Dr. Hall - A potential leveling | WisCommunity

Dr. Hall - A potential leveling

May 16, 2022 - 8:34pm
COVID Data Graph
Weekly update - a potential leveling.
Cases in the Chippewa Valley, and indeed the state and region, appear to have leveled off a bit. Whether this is a true phenomenon or due to less testing by college campuses (most of whom have completed their semesters and closed their testing centers) remains to be seen. For now we are still at a Medium Community Level (Yellow) - that could potentially change in the next week or two if cases decline and hospitalizations stay low.
Transmission risk continues to be high, as in if you go to lots of crowded indoor places and don't mask, you are fairly likely to get infected. I chose to take that risk attending a local theater this past weekend, as a vaccinated and boosted low-risk person who has no big special events coming up or vulnerable persons with whom I regularly interact. We'll see if I end up regretting taking that risk or not.
Again, COVID now is different from COVID a year ago. Vaccines and boosters and natural infection plus a less virulent (severe) variant mean that, although cases (and hospitalizations) are going up, hospitalizations are not going up at the same proportion they used to, and in particular, ICU patients and deaths are not going up at nearly the same proportion. Is COVID still potentially fatal? Yes, just much less commonly so.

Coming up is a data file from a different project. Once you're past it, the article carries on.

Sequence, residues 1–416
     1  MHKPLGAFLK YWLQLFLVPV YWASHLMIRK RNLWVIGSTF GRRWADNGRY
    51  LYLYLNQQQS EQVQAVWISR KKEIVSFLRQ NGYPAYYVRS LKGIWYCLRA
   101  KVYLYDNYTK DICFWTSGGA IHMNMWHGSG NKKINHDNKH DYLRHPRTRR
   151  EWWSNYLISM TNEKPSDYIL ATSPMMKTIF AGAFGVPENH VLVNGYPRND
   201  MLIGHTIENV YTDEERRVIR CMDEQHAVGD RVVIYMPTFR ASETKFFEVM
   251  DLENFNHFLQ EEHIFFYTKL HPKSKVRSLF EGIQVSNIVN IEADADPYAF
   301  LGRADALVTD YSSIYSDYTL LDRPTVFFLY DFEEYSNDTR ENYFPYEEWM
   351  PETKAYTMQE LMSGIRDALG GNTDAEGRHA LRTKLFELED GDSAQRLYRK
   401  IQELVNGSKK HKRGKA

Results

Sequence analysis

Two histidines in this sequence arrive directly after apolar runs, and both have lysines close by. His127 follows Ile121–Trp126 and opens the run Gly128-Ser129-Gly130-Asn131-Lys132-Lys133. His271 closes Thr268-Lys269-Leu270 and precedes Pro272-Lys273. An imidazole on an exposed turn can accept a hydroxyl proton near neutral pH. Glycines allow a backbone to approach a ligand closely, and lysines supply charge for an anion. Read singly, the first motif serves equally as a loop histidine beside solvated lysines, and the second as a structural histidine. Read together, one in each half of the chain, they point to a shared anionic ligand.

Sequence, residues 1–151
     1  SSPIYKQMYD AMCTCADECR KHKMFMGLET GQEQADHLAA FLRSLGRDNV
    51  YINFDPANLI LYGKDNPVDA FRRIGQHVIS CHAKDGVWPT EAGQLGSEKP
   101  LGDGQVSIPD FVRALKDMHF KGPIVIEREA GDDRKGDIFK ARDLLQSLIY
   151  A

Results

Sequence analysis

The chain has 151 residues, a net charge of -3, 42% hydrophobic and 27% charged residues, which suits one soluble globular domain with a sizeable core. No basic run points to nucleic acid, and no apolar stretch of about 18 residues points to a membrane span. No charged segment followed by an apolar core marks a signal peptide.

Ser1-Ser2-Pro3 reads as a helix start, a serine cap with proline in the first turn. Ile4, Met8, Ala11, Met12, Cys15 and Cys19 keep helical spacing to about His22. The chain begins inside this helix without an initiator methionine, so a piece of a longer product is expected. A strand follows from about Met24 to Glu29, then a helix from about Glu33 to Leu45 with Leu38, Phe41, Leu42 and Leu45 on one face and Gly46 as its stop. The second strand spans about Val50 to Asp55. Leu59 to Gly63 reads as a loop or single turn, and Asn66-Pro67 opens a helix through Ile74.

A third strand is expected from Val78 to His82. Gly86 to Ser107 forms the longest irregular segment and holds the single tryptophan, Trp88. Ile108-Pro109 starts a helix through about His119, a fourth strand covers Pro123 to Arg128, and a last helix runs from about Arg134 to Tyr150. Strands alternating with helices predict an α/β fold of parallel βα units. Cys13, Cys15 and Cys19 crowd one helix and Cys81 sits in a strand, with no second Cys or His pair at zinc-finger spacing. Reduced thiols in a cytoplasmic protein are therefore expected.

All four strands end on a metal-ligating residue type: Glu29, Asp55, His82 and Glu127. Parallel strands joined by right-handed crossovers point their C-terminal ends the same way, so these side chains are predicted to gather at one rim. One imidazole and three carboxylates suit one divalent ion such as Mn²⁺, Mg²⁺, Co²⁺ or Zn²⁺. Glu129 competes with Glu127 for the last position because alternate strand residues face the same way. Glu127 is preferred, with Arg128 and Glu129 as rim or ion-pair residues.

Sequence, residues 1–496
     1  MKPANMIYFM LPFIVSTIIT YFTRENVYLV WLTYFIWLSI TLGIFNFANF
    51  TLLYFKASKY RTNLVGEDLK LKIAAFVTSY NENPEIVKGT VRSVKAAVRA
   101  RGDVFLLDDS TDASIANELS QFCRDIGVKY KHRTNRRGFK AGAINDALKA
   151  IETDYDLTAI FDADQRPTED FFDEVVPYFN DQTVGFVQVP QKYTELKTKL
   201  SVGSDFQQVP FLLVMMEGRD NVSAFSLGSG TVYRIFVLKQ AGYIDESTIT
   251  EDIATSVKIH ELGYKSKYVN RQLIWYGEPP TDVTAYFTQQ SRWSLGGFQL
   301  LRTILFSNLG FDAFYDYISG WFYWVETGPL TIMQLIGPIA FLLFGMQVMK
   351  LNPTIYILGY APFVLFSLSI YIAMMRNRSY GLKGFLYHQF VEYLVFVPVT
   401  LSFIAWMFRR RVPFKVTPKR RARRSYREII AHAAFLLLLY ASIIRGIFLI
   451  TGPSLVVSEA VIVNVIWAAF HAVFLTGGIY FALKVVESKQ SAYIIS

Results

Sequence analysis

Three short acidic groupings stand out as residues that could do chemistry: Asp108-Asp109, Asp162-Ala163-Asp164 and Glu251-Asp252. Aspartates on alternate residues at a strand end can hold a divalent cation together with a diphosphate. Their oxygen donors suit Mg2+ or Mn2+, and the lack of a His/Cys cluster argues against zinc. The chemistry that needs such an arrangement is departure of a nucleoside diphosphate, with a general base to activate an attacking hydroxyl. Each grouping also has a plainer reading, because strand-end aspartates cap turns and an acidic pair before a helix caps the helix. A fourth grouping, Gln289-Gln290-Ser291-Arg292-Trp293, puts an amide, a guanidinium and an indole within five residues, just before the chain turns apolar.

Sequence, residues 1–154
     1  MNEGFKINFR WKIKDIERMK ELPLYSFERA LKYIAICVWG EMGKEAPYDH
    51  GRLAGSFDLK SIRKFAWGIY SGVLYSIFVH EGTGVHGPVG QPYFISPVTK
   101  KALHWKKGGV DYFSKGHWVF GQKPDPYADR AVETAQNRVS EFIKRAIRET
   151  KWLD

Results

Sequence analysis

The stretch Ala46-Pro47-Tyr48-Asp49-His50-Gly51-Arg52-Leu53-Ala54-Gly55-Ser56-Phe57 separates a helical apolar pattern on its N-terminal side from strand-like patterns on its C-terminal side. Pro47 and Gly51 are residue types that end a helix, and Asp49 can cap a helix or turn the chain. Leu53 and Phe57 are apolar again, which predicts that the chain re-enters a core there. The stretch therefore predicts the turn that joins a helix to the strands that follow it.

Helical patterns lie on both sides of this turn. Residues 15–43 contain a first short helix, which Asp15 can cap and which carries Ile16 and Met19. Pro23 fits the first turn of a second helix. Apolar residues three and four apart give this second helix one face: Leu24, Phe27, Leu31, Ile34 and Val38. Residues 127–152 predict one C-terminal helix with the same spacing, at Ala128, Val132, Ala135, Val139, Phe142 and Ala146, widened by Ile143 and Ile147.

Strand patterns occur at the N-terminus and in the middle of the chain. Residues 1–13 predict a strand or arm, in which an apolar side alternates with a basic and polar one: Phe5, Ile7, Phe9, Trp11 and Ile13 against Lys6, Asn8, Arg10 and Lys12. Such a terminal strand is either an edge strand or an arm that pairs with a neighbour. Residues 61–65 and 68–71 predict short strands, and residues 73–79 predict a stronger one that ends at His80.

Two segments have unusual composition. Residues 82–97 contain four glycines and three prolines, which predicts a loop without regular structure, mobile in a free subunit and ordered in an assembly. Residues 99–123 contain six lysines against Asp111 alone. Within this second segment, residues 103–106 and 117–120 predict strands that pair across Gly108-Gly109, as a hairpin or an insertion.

How does the current severity compare to influenza? In a bad flu season, there are about 50,000 U.S. deaths, but the typical range is from 12k-52k. In the past month, there have been about 11,000 deaths from COVID in the U.S. A typical flu season lasts several months, so we're currently about on par with a moderate to bad flu season.
Death is not the only outcome that matters, of course. Getting sick is no fun, nor are the post-infectious complications that we're seeing with COVID. But right now, at the moment, we're similar to a bad flu season. If cases rise significantly, that will be a different story. Hopefully, however, with the warmer weather, this surge may start to turn around soon.

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Alexandra Hall, MD
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